Background. Official suicide statistics for England are based on deaths given suicide verdicts and most cases given an open verdict following a coroner's inquest. Previous research indicates that some deaths given accidental verdicts are considered to be suicides by clinicians. Changes in coroners' use of different verdicts may bias suicide trend estimates. We investigated whether suicide trends may be over-or underestimated when they are based on deaths given suicide and open verdicts.
Method. Possible suicides assessed by 12 English coroners in 1990/91, 1998 and 2005 and assigned open, accident/ misadventure or narrative verdicts were rated by three experienced suicide researchers according to the likelihood that they were suicides. Details of all suicide verdicts given by these coroners were also recorded.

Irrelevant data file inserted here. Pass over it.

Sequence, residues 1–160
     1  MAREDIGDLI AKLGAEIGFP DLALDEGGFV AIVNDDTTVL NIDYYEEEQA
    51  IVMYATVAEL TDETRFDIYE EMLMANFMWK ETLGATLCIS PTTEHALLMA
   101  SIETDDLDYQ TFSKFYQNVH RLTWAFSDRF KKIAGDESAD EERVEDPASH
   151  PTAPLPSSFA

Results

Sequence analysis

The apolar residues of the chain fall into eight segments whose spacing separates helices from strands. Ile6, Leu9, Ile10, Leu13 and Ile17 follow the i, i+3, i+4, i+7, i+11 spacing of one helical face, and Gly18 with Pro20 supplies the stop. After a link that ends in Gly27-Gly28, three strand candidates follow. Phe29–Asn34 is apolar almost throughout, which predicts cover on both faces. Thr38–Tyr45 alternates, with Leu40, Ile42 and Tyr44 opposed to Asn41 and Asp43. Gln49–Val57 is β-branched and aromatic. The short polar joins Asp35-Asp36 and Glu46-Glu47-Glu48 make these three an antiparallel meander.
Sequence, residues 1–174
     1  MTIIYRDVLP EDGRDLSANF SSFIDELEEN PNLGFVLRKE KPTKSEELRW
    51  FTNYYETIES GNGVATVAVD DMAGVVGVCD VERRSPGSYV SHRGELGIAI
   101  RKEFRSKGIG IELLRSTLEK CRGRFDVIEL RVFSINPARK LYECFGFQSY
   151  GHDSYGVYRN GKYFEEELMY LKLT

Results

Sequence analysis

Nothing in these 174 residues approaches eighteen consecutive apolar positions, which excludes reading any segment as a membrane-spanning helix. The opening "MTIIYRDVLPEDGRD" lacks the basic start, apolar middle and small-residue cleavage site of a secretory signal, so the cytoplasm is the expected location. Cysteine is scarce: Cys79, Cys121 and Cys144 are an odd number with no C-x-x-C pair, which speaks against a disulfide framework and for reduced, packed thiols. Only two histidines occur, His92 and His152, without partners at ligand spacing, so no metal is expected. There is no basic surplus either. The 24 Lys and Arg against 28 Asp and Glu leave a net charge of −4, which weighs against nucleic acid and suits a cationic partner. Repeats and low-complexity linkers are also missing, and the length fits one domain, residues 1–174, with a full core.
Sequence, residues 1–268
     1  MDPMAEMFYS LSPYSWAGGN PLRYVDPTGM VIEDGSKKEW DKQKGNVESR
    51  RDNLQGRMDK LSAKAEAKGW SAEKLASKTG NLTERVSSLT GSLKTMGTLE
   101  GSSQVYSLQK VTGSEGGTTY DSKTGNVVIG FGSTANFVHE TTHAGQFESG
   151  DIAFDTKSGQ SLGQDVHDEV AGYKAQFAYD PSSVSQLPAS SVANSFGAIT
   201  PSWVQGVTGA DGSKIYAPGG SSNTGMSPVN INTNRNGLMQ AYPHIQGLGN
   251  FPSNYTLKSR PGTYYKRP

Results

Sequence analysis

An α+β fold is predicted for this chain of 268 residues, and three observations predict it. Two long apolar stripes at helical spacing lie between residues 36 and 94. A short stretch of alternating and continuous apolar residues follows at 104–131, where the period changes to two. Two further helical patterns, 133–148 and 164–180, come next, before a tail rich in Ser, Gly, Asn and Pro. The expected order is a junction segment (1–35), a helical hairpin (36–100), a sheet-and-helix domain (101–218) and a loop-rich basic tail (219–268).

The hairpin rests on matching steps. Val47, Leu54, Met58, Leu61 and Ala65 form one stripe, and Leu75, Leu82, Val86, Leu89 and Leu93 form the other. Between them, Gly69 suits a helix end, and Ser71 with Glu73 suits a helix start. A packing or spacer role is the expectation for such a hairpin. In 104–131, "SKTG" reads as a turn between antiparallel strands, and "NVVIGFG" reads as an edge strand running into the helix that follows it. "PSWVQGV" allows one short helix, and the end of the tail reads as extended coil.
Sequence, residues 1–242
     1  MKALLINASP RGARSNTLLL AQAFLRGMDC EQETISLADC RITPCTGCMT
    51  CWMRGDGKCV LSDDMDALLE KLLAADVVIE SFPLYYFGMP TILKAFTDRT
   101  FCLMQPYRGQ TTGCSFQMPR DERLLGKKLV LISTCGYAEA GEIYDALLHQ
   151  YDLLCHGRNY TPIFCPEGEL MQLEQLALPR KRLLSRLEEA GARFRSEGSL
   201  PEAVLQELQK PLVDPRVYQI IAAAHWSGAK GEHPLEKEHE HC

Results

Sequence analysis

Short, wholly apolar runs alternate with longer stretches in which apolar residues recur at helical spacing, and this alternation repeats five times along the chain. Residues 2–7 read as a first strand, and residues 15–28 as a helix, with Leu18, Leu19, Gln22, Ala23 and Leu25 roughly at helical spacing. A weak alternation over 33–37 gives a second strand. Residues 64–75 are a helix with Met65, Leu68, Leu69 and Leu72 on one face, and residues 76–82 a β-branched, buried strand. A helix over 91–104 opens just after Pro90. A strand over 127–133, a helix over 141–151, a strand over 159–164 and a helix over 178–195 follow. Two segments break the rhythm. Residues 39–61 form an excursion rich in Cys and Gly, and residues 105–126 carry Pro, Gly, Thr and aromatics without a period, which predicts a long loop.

Results. In 1990/91, 72.0% of researcher-defined suicides received a suicide verdict from the coroner, this decreased to 65.4% in 2005 (p(trend)
Conclusions. Between 1990/91 and 2005, the proportion of researcher-defined suicides given a suicide verdict by coroners decreased, largely due to an increased use of accident/misadventure verdicts, particularly for deaths involving poisoning. Consideration should be given to the inclusion of `accidental ' deaths by poisoning with medicines in the statistics available for monitoring suicides rates.
- Cause of death
- classification methods
- suicide statistics
- time trends
- UNDETERMINED DEATHS